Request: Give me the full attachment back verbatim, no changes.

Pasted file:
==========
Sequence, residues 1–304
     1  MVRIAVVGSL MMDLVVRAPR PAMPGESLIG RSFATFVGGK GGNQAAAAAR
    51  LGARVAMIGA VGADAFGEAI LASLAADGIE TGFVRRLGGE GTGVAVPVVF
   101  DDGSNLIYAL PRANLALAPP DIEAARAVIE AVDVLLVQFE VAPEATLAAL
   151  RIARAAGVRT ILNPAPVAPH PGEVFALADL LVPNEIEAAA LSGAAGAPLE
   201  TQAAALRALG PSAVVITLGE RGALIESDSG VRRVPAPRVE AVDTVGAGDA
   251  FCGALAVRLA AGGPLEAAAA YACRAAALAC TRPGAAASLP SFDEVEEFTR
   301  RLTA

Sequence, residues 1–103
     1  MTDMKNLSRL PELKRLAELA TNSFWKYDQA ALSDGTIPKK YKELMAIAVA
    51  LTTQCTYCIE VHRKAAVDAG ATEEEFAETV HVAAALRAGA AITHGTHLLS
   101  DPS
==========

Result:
Sequence, residues 1–304
     1  MVRIAVVGSL MMDLVVRAPR PAMPGESLIG RSFATFVGGK GGNQAAAAAR
    51  LGARVAMIGA VGADAFGEAI LASLAADGIE TGFVRRLGGE GTGVAVPVVF
   101  DDGSNLIYAL PRANLALAPP DIEAARAVIE AVDVLLVQFE VAPEATLAAL
   151  RIARAAGVRT ILNPAPVAPH PGEVFALADL LVPNEIEAAA LSGAAGAPLE
   201  TQAAALRALG PSAVVITLGE RGALIESDSG VRRVPAPRVE AVDTVGAGDA
   251  FCGALAVRLA AGGPLEAAAA YACRAAALAC TRPGAAASLP SFDEVEEFTR
   301  RLTA

Sequence, residues 1–103
     1  MTDMKNLSRL PELKRLAELA TNSFWKYDQA ALSDGTIPKK YKELMAIAVA
    51  LTTQCTYCIE VHRKAAVDAG ATEEEFAETV HVAAALRAGA AITHGTHLLS
   101  DPS